Abstergo is a company that uses technology to unlock genetic memories. Their latest victim is Callum Lynch (Michael Fassbender), who they force to experience the memories of his ancestor, Aguilar de Nerha (also Fassbender), in 15th Century Spain. Callum realises he is a descendant of a secret society called the Assassins and Templars. From the present day in 2016, he is given the knowledge and skills to take on the powerful and oppressive organization.
I was very nervous going into the screening of Assassin’s Creed as it had split fans of the games. Some hated but some loved it, whilst film critics took great pleasure in tearing this film limb from limb. Nonetheless, I really enjoyed this film but it is by no means perfect but it does break the videogame movie curse. When it comes to movies like this, I think people expect too much and I think that’s why critics pan videogame movies. Assassin’s Creed is a good movie, not a great one.
I have to be honest, I have never played a single Assassin’s Creed videogame in my life. In my view, it has broken the curse but critics will never be pleased and this is one of those movies that has split opinions far and wide. That’s the thing about opinions, everybody has one. If 2016 has taught me anything, it’s a critics opinion is not gospel. See Assassin’s Creed for yourself and make up your own mind instead of taking the advice of a paid critic. Taking the advice of such people is basically sapping the consumer’s need for independent thought.
Many have said that Assassin’s Creed first-timers will get confused with the plot. I was in the 1% that didn’t have that problem. The idea is not to “fuck up the timeline”, (thanks Barry) but to observe the past through an ancestor to find clues to assist in any modern-day tasks. Sofia Rikken (Marion Cotillard) is trying to find the Apple of Eden, a vital artefact designed by the Templars and Assassins. Due to this, the Animus (AC’s Matrix) scenes lack much background because only the Apple-centric scenes are viewed. If the origins story of Aguilar were necessary in locating the apple, it may as well have been a Aguilar-spinoff.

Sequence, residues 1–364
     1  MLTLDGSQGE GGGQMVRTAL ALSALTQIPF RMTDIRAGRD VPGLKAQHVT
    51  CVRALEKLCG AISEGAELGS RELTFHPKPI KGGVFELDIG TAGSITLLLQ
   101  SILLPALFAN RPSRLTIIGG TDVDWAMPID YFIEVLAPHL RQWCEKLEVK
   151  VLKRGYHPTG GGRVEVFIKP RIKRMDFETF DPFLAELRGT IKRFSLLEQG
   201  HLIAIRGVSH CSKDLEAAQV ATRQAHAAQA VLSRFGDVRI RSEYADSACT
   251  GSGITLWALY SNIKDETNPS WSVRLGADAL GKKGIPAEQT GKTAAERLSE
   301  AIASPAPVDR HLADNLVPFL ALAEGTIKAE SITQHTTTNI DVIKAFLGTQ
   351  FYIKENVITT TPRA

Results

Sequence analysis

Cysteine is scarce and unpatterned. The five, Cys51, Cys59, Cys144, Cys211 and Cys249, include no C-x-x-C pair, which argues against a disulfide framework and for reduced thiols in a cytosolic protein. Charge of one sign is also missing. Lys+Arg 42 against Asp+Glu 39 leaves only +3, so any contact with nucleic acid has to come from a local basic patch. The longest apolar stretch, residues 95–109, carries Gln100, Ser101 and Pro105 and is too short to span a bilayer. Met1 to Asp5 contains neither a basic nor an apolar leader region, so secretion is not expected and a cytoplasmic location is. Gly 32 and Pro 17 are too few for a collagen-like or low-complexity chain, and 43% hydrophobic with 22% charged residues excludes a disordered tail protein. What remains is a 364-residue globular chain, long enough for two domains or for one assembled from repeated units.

On a deeper level, it dabbles in history and philosophy but most notably, it’s another film that is reviewing human nature as a construct. “The history of the world is the history of violence. Mankind seems intent on destroying itself.” says Proffesor Rikkin (Jeremy Irons). This quote begs the question, is he wrong? No, he’s not and that’s horrifying. As a species, human beings would rather wage war on each other for oil and minerals than work together for a better life and a better future. In essence, materialism not unity. It’s been like this for centuries and we don’t seem to be changing anytime soon.
The greatest thing about the film, like many blockbusters, is the action and fight choreography. It’s punchy, glamorous and exciting. Chase after chase, kill after kill…it’s well constructed and bloody fantastic. I saw Warcraft last year and now with Assassin’s Creed, this could be the turning point for videogame movies. As a standalone movie, it needs work but it is still very entertaining and I was engaged from start to finish. I’ve heard whispers of a trilogy and Justin Kurzel (Macbeth) is a good director. I wouldn’t be against the notion of a trilogy, if Kurzel was to tackle it. Kurzel, Fassbender and Cotillard (Allied) work well together and Assassin’s Creed works better as a franchise starter than a standalone feature.
Is this a terrible film? No, it’s not but it’s not perfect either. It’s an entertaining yet stimulating blockbuster movie. Michael Fassbender is this film’s special effect and a he is this movie’s most potent saving grace. I have yet to see a Fassbender performance that I don’t like. This is a good movie and it’s certainly worth the ticket price, but I won’t judge you if you wait for the digital download.